Slice up a quick write and a poem may emerge!Add a Comment
Viewing: Blog Posts from All 1552 Blogs, Most Recent at Top [Help]Results 1 - 25 of 2,000
Blog: TWO WRITING TEACHERS (Login to Add to MyJacketFlap)
JacketFlap tags: poetry, quick write, Slice of Life Story Challenge, Add a tag
Blog: Illustration Friday Blog (Login to Add to MyJacketFlap)
JacketFlap tags: art supplies, creativity, Tools, advice, Creative advice, drawing, illustration, making art, projects, tips, Add a tag
If you’re anything like the thousands of creatives out there, you’ll no doubt have something called “GotToHaveEveryArtSupply-itis”and its incurable. We get so excited and enthusiastic when the glorious sound of the art supply shop opens like an unknown force pulling us in against our will (
not really), to when there’s a sale online we just have to get them all.Although with this vast growing collection of art supplies, in which we think deep down will bestow upon us great creative talent, comes being practical and responsible to.
Each art material has its advantages and disadvantages, however its actually how you use them that will help you to produce great work.So here’s a few tips to really help you choose your creative weapons of choice wisely and wield them like a true creative warrior!
1. Combine materials that compliment each other – Just because you have an artbox filled with yummy supplies, doesn’t mean you have to throw everything into the mix to make the perfect receipe. Experimenting is key to know what works for you and your style to build your creative process. Look closely at the textures, contrasts and effects each material gives you and which would compliment each other nicely to create the perfect creative dish. For example watercolours and coloured pencil work great together to create colour washes with beautiful tone work.
2. He’s got it so I need to have it to - No doubt you’ve done this to where your inspirational creative idol uses a specific art supply and you feel the urge to possess it to achieve greatness. Although this isn’t to say its not the quality of product that gives them great results, bear in mind they’ve been honing their skills and processes with it for countless hours through “practice“. Not every art supply works the same with every creatives style and process, but experiment with different materials to see if introducing it to your creative making steps will benefit the pieces you create.
3. Invest within your budget- Last but not least investing and budgeting, understandably art supplies often aren’t cheap as they come in so many different brands, qualities and quantities at different prices. There’s also artist and student grade materials, however the key is be wise and stick to your budget. Test materials out and if you feel they have a permanent place in how you make your art then this gives you the option to invest in them further.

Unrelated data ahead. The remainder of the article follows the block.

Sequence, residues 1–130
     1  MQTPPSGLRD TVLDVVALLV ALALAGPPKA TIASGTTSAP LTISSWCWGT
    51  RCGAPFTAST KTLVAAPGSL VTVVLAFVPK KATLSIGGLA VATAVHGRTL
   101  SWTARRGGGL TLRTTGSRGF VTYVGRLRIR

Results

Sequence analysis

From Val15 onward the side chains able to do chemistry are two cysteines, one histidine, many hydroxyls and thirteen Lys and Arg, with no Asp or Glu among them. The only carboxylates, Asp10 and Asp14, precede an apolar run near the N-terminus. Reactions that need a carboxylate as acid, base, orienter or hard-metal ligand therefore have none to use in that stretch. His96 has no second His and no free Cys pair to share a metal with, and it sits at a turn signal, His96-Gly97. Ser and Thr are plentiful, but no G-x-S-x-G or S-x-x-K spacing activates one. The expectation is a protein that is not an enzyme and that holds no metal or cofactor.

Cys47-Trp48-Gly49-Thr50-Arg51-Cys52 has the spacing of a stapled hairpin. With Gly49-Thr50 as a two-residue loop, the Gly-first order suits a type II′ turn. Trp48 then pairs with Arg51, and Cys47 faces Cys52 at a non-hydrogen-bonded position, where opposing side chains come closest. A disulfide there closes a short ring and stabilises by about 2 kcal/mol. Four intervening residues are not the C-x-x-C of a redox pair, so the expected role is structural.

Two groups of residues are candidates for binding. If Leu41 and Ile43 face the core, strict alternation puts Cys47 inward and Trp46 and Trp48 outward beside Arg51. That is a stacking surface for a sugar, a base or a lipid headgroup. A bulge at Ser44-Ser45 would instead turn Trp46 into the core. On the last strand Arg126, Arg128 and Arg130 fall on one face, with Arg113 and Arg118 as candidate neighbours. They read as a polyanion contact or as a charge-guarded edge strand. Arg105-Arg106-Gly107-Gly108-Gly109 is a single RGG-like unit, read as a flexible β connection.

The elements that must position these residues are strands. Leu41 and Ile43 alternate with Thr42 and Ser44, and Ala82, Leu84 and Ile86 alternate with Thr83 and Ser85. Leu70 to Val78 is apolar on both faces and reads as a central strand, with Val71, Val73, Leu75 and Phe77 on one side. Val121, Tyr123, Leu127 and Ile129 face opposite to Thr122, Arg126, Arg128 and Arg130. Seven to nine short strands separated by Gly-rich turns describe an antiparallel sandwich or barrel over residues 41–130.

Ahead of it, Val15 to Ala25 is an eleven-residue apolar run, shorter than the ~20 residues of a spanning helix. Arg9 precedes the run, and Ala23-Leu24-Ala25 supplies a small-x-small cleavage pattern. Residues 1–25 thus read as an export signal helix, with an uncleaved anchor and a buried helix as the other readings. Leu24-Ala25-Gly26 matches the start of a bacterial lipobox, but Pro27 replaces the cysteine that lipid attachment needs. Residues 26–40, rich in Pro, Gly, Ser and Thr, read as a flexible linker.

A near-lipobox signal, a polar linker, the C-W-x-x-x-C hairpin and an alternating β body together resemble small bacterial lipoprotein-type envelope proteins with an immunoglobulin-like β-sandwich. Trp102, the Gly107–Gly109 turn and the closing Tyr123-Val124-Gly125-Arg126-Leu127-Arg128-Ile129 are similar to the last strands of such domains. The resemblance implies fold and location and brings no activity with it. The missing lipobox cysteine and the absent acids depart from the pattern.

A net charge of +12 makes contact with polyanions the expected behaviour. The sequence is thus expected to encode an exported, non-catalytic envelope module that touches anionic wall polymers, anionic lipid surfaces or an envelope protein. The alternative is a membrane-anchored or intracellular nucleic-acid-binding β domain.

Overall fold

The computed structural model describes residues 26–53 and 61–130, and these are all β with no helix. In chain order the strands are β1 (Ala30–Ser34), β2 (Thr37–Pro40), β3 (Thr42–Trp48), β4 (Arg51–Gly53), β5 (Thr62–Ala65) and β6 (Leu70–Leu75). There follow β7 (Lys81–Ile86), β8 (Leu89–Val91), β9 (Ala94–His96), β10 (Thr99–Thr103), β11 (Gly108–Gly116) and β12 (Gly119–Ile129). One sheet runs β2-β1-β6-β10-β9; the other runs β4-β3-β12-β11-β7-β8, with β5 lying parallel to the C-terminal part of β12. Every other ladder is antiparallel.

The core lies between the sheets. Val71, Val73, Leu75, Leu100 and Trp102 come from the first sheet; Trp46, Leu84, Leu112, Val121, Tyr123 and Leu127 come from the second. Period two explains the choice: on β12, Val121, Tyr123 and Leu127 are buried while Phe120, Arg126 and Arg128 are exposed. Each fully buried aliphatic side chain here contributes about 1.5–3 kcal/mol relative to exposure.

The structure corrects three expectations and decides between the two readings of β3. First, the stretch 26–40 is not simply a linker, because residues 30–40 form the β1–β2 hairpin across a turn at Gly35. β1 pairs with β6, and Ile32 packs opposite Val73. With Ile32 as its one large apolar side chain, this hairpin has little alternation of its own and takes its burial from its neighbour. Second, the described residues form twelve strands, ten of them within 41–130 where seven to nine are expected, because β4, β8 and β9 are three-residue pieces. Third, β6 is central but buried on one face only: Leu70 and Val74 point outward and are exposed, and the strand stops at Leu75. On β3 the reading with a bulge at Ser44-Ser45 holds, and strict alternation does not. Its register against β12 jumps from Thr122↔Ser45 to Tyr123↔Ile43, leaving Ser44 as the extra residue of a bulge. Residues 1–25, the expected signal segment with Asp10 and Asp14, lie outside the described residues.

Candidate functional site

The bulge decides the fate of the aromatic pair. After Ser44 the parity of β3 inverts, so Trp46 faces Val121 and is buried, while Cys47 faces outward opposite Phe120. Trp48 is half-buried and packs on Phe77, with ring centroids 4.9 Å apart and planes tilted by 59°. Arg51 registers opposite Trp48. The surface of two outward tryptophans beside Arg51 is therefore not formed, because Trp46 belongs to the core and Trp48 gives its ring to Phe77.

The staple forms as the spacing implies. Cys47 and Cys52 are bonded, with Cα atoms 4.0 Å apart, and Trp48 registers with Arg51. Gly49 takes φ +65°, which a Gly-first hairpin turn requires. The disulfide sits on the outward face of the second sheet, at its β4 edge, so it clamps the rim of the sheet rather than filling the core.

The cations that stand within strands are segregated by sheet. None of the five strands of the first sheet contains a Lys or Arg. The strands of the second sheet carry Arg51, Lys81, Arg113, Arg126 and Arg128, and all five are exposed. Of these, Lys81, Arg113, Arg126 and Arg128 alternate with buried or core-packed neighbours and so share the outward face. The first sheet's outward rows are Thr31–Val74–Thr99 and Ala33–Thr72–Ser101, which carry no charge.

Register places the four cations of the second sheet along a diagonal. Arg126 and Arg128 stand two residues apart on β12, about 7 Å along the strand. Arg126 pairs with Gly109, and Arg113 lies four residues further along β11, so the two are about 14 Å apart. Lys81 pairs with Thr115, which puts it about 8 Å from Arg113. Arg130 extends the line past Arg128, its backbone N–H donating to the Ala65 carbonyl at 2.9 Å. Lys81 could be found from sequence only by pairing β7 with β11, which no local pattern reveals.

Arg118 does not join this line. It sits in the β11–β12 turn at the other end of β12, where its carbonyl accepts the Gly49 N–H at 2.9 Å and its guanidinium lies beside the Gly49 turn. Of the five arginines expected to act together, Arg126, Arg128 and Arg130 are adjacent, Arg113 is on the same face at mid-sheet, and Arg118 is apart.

Good luck creatives and have fun wielding those art supplies!
Featured image by Amy Van Luijk you can find out more about her work here.
More art inspiration!
Blog: Barbara O'Connor (Login to Add to MyJacketFlap)
JacketFlap tags: Skype, The Fantastic Secret of Owen Jester, Things I Love, Add a tag
Add a Comment
Blog: The Bookshelf Muse (Login to Add to MyJacketFlap)
JacketFlap tags: Characters, Guest Post, Uncategorized, Villains, Writing Craft, Add a tag
Becca and I are welcoming Susanne Lakin today, who is a writing coach, author and editor all rolled into one. Susanne is our go-to expert for all things editing, and has a great new book out called the The 12 Key Pillars of Novel Construction: Your Blueprint for Building a Strong Story (The Writer’s Toolbox Series). I’m reading it now and am far enough in to say this is a book that you want to add to your collection. Susanne does a great job of showcasing each critical piece of storytelling, and explaining how they all fit together to frame the structure of a compelling and meaningful novel.
Today she has some great thoughts on how to build an memorable antagonist, so please read on! Don’t you just love to hate really great bad guys in novels? A list of the most intriguing villains in literature includes characters such as Moriarty in Arthur Conan Doyle’s Sherlock Holmes stories, Long John Silver in Treasure Island, Edmund from Shakespeare’s King Lear, and Hannibal Lecter in Red Dragon by Thomas Harris.
Not every novel has a villain. Often many characters take on the role of an antagonist at various times —someone who stands in the way of your protagonist. They may be well meaning or not.
But if your novel features one specific character providing the central source of opposition for your hero or heroine—in other words, a villain or bad guy—take the time to craft such a character so that he or she will be believable and memorable.
- They aren’t stereotyped. People are complex, fickle, selfish, self-sacrificing, and fearful. Depending on the situation and mind-set when something happens, each of us might react in an unpredictable way. The temptation, especially with a nemesis character, is to defer to stereotype. To make bad guys really bad to the point that they are comic-book cutouts. How can writers avoid the stereotype? Read on . . .